Find out what social commerce is and how this channel can help your business grow.
After social isolation became a reality, the importance of Social Commerce for those who want to build, and their e-commerce companies has become even more evident. Social media are no longer platforms for just sharing lifestyle and things that happen in our daily lives but has rather become a place for brands to be part of their business strategies.
Just as it is difficult to find someone who does not use social media on a daily basis, very soon it will not be easy to find people who have never made a purchase – or obtained information that led to it – navigating through their social media profiles. So, if you want to reach the Brazilian market a super connected audience, you need to know what Social Commerce is and what kind of advantages it can bring.
Social commerce or S-commerce is a sales strategy applied to social media such as Facebook and Instagram, for example. Retailers can take advantage of the popularity of these platforms to create channels that enable the products to be displayed to their target audience, to communicate with their public and increase sales and engagement. Customers do not need to be redirected from the social media to checkout but can complete the transaction on the platform.
Aware of the power of influence they hold in their hands, developers of these platforms are constantly improving their features. The “buy” button appeared on Facebook in 2014. Nowadays, it is possible to have an entire store within it, which may or may not be integrated with the online store. Instagram also has specific features for selling, which include tagging products in photos, for example. Conversion becomes much higher when the object that the user wishes to purchase is just a tap away.
In addition to the platform where commerce takes place, the feature that makes S-commerce work and produce good results for retailers is Social Proof. As an open channel for comments and ratings, brand profiles provide consumers with a far greater sense of trust than a controlled, one-way communication environment such as an online store. In social commerce, in addition to marketing actions involving influencers, live commerce, stores also benefit from a closer relationship with their customer base and a much more “human interaction”.
Remember that social commerce takes place in any environment where interaction between consumers is possible, suche as forums and chats. In Brazil, WhatsApp is the messenger that leads both in number of users and in features for sale. You can create an online catalog, have a business account and, more recently, it has also become possible to charge and transfer amounts within the platform through WhatsApp Pay.
TikTok, a video-sharing social media platform, has grown significantly in popularity due to social isolation, as happened with social commerce likewise. There is nothing more natural than joining the two trends in a solution to sell to millions of users of this media. TikTok commerce is still being tested, but there are already actions taking place in the UK.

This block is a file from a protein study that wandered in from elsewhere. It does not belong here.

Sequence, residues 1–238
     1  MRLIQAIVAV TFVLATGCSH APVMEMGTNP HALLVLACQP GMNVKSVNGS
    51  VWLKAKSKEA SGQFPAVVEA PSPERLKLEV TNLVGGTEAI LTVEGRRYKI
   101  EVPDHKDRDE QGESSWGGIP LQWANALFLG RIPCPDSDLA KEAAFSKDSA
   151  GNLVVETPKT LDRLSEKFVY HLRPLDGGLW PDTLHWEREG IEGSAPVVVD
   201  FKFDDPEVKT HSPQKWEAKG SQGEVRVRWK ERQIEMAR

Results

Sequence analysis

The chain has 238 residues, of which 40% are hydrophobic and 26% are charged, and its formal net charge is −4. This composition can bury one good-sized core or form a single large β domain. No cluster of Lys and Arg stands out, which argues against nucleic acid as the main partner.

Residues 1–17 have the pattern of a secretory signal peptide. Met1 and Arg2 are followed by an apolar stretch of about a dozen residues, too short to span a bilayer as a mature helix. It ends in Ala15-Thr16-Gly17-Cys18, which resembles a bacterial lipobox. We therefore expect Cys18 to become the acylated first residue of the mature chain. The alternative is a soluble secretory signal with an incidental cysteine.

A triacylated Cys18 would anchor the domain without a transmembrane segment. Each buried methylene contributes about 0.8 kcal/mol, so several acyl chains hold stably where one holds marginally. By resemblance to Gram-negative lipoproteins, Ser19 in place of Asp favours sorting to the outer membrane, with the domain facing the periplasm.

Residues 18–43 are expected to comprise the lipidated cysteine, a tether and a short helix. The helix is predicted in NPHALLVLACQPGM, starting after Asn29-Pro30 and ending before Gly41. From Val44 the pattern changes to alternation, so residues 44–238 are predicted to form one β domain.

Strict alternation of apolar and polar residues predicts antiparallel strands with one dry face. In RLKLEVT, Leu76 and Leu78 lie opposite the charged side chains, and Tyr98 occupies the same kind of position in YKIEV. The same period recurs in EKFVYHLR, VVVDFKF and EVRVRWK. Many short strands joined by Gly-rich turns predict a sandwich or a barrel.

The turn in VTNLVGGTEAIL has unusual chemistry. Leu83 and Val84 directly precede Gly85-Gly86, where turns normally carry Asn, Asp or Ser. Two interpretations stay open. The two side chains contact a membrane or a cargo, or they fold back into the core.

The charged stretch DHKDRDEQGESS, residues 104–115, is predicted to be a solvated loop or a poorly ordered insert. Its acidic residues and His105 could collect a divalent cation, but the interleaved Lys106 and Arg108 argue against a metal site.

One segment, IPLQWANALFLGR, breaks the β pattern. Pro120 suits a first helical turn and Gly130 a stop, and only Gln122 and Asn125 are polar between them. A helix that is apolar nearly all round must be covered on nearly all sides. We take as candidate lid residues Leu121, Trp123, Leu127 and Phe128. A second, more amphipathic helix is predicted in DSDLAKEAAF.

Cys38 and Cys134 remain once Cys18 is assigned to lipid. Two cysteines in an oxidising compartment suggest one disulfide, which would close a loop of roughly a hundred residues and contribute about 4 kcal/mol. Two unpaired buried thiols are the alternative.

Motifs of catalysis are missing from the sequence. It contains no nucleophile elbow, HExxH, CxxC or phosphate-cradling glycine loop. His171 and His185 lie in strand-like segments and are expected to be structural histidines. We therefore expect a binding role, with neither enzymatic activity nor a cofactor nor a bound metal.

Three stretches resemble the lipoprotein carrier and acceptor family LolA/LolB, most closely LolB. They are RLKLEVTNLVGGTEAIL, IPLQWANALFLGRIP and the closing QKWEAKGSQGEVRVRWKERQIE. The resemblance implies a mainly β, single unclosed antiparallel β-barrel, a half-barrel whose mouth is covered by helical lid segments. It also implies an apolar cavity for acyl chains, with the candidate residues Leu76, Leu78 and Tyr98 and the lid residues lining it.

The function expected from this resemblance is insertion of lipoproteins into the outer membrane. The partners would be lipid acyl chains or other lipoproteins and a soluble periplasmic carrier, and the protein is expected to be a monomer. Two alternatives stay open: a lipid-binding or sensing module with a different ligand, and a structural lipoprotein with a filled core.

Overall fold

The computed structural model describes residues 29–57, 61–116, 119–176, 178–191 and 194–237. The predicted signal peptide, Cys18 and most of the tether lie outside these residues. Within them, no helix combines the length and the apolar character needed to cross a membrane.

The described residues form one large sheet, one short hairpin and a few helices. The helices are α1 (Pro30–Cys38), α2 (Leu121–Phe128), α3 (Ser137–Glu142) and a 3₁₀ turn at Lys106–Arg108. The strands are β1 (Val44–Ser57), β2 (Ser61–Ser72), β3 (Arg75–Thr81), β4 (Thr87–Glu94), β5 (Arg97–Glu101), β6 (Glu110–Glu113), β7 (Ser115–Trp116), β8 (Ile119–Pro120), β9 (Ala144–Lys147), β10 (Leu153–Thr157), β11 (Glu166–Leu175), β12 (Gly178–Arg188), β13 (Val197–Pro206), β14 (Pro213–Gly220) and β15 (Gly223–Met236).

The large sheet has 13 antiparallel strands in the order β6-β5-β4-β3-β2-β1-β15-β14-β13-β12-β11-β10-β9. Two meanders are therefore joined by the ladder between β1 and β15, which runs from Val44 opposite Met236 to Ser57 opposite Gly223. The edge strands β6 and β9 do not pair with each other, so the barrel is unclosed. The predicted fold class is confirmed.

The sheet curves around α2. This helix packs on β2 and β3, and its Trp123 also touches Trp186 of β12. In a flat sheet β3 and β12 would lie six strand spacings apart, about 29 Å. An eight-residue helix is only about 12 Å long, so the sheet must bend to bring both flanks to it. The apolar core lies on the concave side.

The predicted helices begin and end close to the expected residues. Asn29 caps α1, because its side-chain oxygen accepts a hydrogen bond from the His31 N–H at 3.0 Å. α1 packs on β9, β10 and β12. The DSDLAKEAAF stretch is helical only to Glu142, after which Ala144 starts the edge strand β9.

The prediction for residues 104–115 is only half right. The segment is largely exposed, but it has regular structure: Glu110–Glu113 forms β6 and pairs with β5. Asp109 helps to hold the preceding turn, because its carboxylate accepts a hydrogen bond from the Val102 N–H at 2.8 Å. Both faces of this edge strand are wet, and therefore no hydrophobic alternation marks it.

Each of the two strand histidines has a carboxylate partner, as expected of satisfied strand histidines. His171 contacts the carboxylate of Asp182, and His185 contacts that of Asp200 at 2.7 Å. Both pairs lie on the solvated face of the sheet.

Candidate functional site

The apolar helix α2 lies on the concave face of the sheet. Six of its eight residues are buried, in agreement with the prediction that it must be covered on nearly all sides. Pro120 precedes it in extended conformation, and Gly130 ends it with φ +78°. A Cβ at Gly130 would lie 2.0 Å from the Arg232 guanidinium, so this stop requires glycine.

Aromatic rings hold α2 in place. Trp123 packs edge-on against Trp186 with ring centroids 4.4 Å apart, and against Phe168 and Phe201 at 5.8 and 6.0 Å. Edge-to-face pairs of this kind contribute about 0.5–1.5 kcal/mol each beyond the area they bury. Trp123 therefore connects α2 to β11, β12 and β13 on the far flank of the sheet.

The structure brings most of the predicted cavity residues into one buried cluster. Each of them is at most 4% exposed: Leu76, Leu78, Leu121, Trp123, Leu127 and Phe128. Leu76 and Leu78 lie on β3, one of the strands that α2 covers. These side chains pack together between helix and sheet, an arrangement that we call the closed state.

L’Óreal recently announced that it is participating in an e-commerce pilot program using the application, according to the AdAge portal. Some of the company’s brands, such as NYX Cosmetics and Elf Cosmetics, have already experienced an increase in popularity and sales thanks to the app, even without the built-in sale feature. Consumers can now find links to items that appear in video posts and live broadcasts, as well as a product demo guide on these brands’ profiles. The goal of the action is to connect with new generations of consumers, shorten the buying journey and, of course, sell more.
Currently, Brazil is the country with the highest average time spent on social media applications. Brazilians spend on average 5.4 hours a day in this activity. In second and third place are Indonesia (5.3 hours) and India (4.9 hours). This data is from a study by mobile market analysis agency App Annie, released exclusively by Forbes.
Of course, all that time spent on applications also is also spent sales related activites. In the Webshoppers 44 report, carried out by Ebit/Nielsen in partnership with Bexs, indicates that in the first half of 2021, there were more orders and higher sales on mobile than on desktop applications: 53% of Brazilian e-commerce revenue came from smartphones, as well as 56% of orders.
Aware of this market, large e-commerce platforms are developing their own S-commerce tools. In June, B2W launched a platform in partnership with the British company OOOOO. The public has access to short videos, with product demonstrations, and also to Americanas ao Vivo, a live commerce project in which users can buy products while watching a live broadcast. AliExpress launched Pechincha, an app for sharing offers in exchange for product discounts.
Brazil is a fertile ground for online sales, whether through e-commerce, social media or a combination of both. The range of options to stand out in this market is huge: it ranges from content production for brand channels to partnerships with influencers, including online advertising campaigns. But none of this will work if the payment method that Brazilians usually use is not offered and language localization.
Bexs can ensure your business reaches this large consumer market. By accepting local payment methods, such as bank slips, national credit cards and even PIX, you increase your chances of converting sales. Contact our experts and find the payment solution that best suits your business.